I got a little excited when I saw this month’s Atlantic Monthly on the newsstand. “The suburbs lose. The sun belt fades. Toronto wins. How the crash will reshape America,” touts the cover over a nighttime shot of Toronto seen from the lake. A little strange, granted, since Toronto is in Canada and there is no sun belt here, unless you’re talking midnight sun — but, with the author listed as Toronto-based urban affairs guru Richard Florida, it made sense.
Except… the article doesn’t mention Toronto. And this is the cover on newsstands in the U.S., where the Atlantic sells all but probably a couple hundred issues of its magazine:
All that tolerance, openness, creative, multicultural stuff is represented in the article by… New York, not Toronto. And, having completed whatever paperwork was necessary to get a working visa for Canada, Florida now knows well that there is a border dividing northern North America. The article is focused on how the United States in particular can reinvent itself — which either has absolutely nothing to do with, or has some potentially negative implications (top U.S. scholars returning to newly-science-friendly, more tolerant homeland) for, Toronto.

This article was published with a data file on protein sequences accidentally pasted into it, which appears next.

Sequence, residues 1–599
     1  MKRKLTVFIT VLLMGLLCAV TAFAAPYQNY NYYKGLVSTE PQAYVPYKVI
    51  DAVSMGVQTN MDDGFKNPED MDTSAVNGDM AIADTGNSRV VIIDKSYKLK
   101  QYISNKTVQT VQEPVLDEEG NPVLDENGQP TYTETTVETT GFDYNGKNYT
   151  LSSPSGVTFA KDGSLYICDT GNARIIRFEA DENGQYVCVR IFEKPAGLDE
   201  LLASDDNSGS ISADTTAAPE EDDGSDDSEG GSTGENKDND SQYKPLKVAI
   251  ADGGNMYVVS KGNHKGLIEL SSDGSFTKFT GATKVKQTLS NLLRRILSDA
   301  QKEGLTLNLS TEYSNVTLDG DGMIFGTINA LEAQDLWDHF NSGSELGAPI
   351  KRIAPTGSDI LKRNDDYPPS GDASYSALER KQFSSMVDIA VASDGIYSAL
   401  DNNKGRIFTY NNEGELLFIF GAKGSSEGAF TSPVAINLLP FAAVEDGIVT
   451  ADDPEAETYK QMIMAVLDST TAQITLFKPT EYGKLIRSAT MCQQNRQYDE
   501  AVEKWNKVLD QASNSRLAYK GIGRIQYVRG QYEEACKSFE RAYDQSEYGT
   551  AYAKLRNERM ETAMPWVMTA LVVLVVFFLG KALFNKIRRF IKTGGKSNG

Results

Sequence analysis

Sure, Richard Florida’s ubiquitous in Toronto these days, and we’ve all heard him gush about the city and its creative class. I don’t doubt that the tiny number of Atlantic readers in Canada are, for the most part, familiar with his vague ramblings about the charming ethnic neighbourhoods that exist close (but not too close) to his Rosedale home. But it still seems unreasonable to expect readers who pick up the magazine because of its cover to have to think back to whatever he may have written about Toronto elsewhere in order to make sense of a cover promoting an article that ignores his adopted hometown all together.